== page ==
Mitsubishi Motors Has an Eye on Indonesia

By Masahiro Nakagawa : Reporter of Toyokeizai
September 23,2014
Masahiro Nakagawa
Reporter of Toyokeizai

Masahiro was born and raised in Yokohama, Japan. He earned the Bachelor of Arts degree in English and international relations at the Tokyo University of Foreign Studies. During his study at TUFS, he also studied abroad at the University of California, San Diego for an academic year.
Masahiro joined Toyo Keizai Inc. in 2012 and has been covering automotive, machine tools and robotics industries as a staff writer. He constantly gets a chance to go abroad to visit exhibition shows and manufacturing plants, and to interview executives from foreign firms.

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Mitsubishi Motors Corporation(MMC) stepping on accelerator to speed growth in key markets in Southeast Asia. Plans for large scale production bases to follow Thailand, Philippines become clear.

MMC chairman Osamu Masuko announced plans to construct a new factory in Indonesia on September 16th. It will be sited in an industrial part located roughly 37 kilometers to the east of the capital city of Jakarta. In a partnership with Mitsubishi Corp. and local affiliate Krama Yudha, they will invest a $350 million (approximately ¥37 billion). They plan to begin operation in the first half of 2017, with an initial production capacity of 160,000 vehicles, expanding to 240,000 vehicles in the future.

Currently, MMC’s sole production base in Indonesia is an unconsolidated manufacturing company financed entirely by the two aforementioned partners, with a production capacity of 80,000 vehicles. It manufactures the Outlander Sport (Japanese name: RVR) compact SUV (sports utility vehicle) as well as commercial vehicles. However, Indonesia was the country with the highest vehicle sales in fiscal year 2013 among MMC’s overseas operations, and Chairman Masuko explained the rationale for the construction of the new factory, stating, “We have high expectations for future growth, and expanding the production capacity of our existing factory proved unfeasible.” Masuko limited his remarks regarding the division of ownership of the new factory to “We would like to settle that through future talks between the three companies.”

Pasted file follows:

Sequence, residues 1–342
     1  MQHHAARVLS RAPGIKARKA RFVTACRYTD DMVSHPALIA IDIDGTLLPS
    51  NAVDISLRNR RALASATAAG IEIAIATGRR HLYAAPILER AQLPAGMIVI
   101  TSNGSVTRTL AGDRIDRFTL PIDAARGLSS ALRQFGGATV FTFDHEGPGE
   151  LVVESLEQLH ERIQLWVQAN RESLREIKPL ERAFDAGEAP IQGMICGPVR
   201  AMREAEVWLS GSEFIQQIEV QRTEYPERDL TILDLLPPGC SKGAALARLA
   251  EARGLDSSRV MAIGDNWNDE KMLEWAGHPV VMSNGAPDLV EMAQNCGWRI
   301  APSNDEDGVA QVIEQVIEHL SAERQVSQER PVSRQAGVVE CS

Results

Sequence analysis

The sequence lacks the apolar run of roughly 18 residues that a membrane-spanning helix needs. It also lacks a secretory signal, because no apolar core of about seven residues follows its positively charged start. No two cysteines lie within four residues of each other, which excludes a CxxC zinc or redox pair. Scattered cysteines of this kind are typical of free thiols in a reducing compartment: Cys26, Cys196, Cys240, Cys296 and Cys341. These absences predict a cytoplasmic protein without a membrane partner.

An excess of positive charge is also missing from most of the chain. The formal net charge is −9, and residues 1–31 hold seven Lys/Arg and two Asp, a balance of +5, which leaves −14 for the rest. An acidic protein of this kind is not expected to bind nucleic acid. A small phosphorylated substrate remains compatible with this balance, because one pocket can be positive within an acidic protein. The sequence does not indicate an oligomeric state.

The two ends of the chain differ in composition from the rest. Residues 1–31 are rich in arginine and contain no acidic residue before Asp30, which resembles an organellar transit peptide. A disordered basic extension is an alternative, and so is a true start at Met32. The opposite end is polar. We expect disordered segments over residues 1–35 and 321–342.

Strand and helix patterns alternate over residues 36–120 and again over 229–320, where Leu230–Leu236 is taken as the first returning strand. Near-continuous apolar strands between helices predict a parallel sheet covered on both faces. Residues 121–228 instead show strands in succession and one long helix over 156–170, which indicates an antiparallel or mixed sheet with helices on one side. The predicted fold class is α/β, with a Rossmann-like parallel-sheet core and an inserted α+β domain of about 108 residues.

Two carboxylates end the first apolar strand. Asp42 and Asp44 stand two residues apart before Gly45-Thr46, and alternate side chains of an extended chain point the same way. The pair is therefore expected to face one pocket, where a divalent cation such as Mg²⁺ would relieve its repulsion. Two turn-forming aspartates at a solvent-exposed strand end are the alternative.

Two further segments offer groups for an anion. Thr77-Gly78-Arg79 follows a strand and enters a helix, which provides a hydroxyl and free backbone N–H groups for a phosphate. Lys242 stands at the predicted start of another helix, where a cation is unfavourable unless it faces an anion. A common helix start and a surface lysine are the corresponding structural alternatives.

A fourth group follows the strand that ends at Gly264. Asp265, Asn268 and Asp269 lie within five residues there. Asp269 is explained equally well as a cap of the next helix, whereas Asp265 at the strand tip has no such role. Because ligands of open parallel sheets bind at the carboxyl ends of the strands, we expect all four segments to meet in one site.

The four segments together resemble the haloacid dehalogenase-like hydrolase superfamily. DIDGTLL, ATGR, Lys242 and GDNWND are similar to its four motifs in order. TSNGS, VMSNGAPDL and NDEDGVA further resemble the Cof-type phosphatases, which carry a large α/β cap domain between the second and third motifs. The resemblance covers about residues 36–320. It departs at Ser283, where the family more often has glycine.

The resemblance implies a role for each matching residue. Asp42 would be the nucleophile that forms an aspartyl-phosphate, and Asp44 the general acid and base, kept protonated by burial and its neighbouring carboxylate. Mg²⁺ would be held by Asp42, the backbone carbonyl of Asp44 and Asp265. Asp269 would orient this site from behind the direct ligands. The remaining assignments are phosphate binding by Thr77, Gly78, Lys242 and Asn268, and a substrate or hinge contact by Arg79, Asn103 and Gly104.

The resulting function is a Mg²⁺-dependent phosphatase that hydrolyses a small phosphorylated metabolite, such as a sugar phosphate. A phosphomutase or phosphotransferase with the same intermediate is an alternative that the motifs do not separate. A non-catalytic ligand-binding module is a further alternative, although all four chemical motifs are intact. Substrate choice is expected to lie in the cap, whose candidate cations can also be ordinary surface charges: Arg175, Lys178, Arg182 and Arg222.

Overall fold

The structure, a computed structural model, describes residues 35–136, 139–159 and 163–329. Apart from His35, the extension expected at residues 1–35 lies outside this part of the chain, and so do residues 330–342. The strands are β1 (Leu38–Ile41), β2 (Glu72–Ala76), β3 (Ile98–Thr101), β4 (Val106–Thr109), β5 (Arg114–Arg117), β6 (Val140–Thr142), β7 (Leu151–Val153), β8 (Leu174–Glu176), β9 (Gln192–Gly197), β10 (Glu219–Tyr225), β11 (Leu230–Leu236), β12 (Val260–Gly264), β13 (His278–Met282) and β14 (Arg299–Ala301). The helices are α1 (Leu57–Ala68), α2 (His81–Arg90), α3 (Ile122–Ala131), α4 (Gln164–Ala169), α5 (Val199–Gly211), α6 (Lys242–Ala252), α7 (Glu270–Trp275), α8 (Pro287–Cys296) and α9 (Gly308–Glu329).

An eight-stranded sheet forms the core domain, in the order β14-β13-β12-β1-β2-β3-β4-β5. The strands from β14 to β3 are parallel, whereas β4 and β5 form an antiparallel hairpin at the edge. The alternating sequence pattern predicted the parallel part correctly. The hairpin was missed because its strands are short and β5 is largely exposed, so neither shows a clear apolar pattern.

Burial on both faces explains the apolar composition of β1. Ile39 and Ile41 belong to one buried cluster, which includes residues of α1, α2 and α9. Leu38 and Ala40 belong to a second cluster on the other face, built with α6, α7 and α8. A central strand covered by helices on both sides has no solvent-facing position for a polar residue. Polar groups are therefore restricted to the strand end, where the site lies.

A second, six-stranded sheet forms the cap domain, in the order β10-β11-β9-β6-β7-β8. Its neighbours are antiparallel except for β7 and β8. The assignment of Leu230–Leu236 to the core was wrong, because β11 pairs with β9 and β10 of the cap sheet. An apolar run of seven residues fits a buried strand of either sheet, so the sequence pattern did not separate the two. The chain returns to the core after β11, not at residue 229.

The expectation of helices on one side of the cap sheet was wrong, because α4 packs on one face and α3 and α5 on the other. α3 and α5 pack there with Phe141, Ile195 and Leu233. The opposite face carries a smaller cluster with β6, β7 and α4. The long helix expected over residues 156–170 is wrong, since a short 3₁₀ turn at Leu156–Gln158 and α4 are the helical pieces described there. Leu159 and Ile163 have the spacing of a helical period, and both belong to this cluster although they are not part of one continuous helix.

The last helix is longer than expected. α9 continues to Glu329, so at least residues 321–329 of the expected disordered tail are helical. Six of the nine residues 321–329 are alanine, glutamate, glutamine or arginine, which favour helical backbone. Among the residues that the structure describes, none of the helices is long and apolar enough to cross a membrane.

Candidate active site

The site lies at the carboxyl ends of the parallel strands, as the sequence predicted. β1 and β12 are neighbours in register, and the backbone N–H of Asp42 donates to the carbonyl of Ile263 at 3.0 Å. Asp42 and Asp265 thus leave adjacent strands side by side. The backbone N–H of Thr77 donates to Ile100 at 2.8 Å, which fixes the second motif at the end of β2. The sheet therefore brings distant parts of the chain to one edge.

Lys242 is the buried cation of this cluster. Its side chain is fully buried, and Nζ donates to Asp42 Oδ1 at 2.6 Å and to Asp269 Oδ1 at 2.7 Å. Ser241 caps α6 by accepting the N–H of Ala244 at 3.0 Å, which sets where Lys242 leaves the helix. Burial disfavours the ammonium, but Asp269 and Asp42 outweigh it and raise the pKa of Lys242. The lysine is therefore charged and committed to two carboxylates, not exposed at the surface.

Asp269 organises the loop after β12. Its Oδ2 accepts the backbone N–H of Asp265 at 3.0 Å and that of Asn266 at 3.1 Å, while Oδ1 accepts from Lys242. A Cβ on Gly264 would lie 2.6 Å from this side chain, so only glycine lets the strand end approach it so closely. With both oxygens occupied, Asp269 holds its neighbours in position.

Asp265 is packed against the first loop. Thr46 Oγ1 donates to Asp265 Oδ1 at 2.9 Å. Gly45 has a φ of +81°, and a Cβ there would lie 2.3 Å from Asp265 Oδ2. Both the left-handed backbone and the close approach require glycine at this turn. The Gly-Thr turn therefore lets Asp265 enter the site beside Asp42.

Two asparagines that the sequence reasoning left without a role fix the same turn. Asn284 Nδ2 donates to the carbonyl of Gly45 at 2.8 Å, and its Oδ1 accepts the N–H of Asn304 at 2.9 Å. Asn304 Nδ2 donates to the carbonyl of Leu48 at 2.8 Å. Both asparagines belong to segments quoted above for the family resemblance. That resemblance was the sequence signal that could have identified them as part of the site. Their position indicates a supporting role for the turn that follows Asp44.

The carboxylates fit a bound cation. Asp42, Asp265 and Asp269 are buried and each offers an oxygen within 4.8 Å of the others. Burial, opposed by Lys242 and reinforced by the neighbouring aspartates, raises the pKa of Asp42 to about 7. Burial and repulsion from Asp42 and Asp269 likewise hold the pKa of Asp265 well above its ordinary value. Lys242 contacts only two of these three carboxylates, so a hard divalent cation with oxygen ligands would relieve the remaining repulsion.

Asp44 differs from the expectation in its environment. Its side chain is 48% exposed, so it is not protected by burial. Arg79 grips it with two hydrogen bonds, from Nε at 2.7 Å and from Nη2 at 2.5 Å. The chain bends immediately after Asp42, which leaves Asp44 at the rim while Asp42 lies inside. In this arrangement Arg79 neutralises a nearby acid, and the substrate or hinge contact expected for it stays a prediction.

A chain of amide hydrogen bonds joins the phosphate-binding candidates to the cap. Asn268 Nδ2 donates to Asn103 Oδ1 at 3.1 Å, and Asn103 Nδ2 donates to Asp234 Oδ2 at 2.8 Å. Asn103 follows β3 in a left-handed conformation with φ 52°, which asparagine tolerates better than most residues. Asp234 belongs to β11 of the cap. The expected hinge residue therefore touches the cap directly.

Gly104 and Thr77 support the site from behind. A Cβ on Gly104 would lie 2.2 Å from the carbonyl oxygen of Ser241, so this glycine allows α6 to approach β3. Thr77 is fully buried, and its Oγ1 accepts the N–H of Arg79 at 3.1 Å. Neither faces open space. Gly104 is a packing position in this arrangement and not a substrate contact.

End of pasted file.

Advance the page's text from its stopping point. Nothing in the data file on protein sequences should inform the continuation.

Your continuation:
The factory will produce two models, a newly-developed compact MPV (multipurpose vehicle), and a pre-existing commercial van. MPVs are the most popular type of vehicle in Indonesia, accounting for more than half of the country’s passenger vehicle market (roughly 1.1 million vehicles per year), with nearly 800,000 sold in 2013. The minivan-like vehicle with three rows of seats for seven passengers is aimed at families. MMC will invest $250 million (approximately ¥27 billion) for development and other costs for the new vehicle. Production of the compact MPV is expected to be 80,000 vehicles per year, with 20,000 of those vehicles set aside for exports outside of Indonesia.

Leading manufacturers with a large share of the Indonesian market such as Toyota, Daihatsu, and Suzuki have already developed MPVs. In contrast, MMC’ product range did not include an MPV. Honda and Nissan, who held a smaller share of the market than MMC in 2013, have entered the MPV market this year with the Mobilio and Datsun GO+, respectively. While it is still three years off, MMC hopes to introduce their model into this high-volume segment and “increase market share to 13% from the current 8%,” according to Nobori Tsuji, president of local sales affiliate KTB.